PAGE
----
Lithium carbonate prices have started to creep back up again after coming down from 2022’s extreme highs, but the long-term outlook and its impact on battery pack costs is one of downwards prices, research firm Fastmarkets said.
As shown in the graph above (data from Fastmarkets), the price of lithium carbonate reached all time highs over late 2021 and 2022 as demand from EVs and stationary energy storage boomed after the Covid-19 pandemic.
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Lithium carbonate mainly comes from Australia, South America and China, while the vast majority of lithium carbonate refining is done in China.
Nickel and Cobalt, other principal metals needed or lithium-ion nickel-manganese-cobalt (NMC) cells, also jumped in 2022 but have since come down.
Lithium carbonate prices declined over the start of 2023 to a low in April before picking back up again. Jordan Roberts, Battery Raw Materials Analyst for Fastmarkets, said that the lithium carbonate price would remain elevated over 2023 but not reach the highs of 2022.
“We also have to consider the fact that supply always disappoints to the downside and we can probably expect delays to those new units expected to come online and ramp up during the remainder of the year,” Roberts said in the firm’s BRM Global Outlook webinar on Tuesday (23 May).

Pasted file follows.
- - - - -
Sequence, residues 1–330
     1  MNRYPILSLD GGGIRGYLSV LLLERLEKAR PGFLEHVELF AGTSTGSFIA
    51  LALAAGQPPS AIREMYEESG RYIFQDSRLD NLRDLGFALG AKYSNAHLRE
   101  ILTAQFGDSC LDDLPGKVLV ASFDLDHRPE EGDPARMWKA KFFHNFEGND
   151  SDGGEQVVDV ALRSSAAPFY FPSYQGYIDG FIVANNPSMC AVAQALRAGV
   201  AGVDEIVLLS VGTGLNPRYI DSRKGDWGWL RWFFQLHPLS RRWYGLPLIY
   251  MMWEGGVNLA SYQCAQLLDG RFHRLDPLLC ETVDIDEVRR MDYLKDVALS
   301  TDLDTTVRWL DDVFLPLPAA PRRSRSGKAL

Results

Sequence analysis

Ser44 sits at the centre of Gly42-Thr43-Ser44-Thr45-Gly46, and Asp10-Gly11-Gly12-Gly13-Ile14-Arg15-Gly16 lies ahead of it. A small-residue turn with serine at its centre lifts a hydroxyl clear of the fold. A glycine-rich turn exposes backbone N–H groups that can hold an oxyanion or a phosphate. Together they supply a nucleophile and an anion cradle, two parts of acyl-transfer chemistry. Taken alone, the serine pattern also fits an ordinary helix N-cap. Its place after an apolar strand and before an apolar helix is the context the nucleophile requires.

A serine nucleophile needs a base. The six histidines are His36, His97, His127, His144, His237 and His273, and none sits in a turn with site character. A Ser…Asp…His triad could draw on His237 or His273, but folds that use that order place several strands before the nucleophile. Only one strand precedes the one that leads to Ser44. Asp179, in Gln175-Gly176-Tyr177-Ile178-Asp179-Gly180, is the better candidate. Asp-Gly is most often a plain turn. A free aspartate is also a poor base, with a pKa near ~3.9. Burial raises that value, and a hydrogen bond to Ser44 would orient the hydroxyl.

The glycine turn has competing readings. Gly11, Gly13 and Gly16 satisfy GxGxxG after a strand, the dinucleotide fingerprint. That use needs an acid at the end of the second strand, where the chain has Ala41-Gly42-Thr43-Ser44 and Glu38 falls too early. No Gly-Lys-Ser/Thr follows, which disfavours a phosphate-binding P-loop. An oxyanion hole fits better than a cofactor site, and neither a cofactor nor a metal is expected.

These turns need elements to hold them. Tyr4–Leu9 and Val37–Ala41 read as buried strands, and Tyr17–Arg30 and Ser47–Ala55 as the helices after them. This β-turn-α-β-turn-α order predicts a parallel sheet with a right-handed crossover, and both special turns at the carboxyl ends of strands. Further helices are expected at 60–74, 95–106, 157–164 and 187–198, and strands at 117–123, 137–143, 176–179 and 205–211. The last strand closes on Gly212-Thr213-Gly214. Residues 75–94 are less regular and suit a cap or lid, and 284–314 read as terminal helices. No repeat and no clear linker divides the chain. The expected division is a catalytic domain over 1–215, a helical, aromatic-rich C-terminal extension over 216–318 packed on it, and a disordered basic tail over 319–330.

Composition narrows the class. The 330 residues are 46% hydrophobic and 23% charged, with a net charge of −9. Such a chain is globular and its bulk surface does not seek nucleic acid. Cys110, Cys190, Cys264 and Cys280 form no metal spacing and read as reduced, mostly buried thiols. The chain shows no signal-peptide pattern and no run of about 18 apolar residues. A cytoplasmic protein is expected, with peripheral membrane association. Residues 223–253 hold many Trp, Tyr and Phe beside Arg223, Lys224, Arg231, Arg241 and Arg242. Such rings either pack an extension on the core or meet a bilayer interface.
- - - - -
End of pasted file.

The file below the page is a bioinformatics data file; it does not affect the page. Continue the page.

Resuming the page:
“We expect more sensible buyer behaviour and an evolution in contract contracting prices towards referencing spot indices to keep prices from averaging such highs as as in 2022.”
He concluded that long-term average annual prices will continue to move downwards over time. The sharp falls seen in late 2022/23 were due to a combination of new supplies flooding the market, destocking dynamics, lower downstream demand and overall bearish demand.
Muthu Krishna, battery manufacturing cost modeller, talked about the effect of the long-term decline in costs further downstream on the prices EV and energy storage firms will pay for battery packs, both NMC and LFP (lithium iron phosphate).
NMC, or specifically NMC811, would hit US$68/kWh at the cell level by 2029 at which point LFP cells could cost US$65/kWh.
At the pack level, NMC could go under US$100/kWh by 2027 while LFP could achieve the same figure in 2025. Both figures are globally weighted average prices, so will be achieved sooner in China where costs are lower.
However, expected supply shortages post-2029 mean prices could start to pick back up around the end of the decade, Krishna added.